Why am I bothering to comment on this? Baha’i, with only a few million adherents, isn’t exactly an important religion in worldly terms and most people haven’t even heard of it. But I think it’s a profound illustration of how beneficial, potentially transformative spiritual messages can be twisted and obscured by leaders and members of a religion for their own misguided ends — a problem that is all too common in every significant religion.

The Baha’i Faith was founded by Baha’u’llah (1817-1892), a Persian aristocrat in exile who in 1863 declared himself to be a new messenger of God. Baha’u’llah was raised a Shi’ite Muslim, and in his young adulthood followed the radical millennarian movement of another contemporaneous Persian claimant to prophethood known as the Bab. The Baha’i religion is above all an attempt to build a more universal spiritual paradigm out of the foundation of Islam. Much in the way Christianity emerged as a Jewish reform movement and a project to spread the core principles of Judaism into the Greco-Roman world, Baha’i was born from an Islamic matrix as a project to modernize, universalize and spread the central ideas and practices of Islam to the whole world.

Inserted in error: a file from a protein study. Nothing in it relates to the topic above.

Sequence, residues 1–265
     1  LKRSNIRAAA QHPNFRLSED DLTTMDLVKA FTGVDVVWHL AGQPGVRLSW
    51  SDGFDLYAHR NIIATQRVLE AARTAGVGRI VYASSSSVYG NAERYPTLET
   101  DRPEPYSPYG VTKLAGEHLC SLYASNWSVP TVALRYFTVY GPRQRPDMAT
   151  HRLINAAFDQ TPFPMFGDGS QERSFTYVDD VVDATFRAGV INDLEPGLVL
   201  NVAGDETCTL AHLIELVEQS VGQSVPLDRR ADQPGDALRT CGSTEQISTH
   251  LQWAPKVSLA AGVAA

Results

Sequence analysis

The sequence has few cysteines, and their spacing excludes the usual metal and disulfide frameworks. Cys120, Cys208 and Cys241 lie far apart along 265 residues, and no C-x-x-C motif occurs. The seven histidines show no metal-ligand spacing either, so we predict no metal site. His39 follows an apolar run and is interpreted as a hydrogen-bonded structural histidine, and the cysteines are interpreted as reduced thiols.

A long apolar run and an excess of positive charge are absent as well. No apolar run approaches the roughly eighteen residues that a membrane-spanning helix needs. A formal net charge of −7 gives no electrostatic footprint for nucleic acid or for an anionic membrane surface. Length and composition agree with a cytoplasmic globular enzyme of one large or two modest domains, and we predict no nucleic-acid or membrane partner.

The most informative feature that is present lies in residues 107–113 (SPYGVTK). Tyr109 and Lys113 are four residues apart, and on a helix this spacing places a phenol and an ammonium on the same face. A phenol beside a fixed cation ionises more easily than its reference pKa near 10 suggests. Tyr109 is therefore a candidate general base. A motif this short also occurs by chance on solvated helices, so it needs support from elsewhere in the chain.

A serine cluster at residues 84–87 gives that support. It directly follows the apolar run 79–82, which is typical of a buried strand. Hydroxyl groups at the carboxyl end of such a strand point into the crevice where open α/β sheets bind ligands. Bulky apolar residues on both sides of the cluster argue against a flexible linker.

Baha’u’llah’s main teaching was that humanity is moving into an age when barriers of race, language, nation, and religion should come tumbling down, replaced by global unity and the transcendent consciousness that all religions come from the same God. So what do the Baha’is do? As one might guess from the rich history of religious followers doing the opposite of what the founder of their faith taught, Baha’is today focus all their energies on trying to build their own new sect and convert as many people as possible to it!

The latest confirmation of this attitude comes from the 2009 Ridvan message issued by the Universal House of Justice, the international leadership body of the Baha’i Faith:

To the Baha’is of the World

Dearly loved Friends,

A mere three years ago we set before the Baha’i world the challenge of exploiting the framework for action that had emerged with such clarity at the conclusion of the last global Plan. The response, as we had hoped, was immediate. With great vigour the friends everywhere began to pursue the goal of establishing intensive programmes of growth in no less than 1,500 clusters worldwide, and the number of such programmes soon started to climb. But no one could have imagined then how profoundly the Lord of Hosts, in His inscrutable wisdom, intended to transform His community in so short a span of time. What a purposeful and confident community it was that celebrated its accomplishments at the midway point of the current Plan in forty-one regional conferences across the globe! What an extraordinary contrast did its coherence and energy provide to the bewilderment and confusion of a world caught in a spiral of crisis! …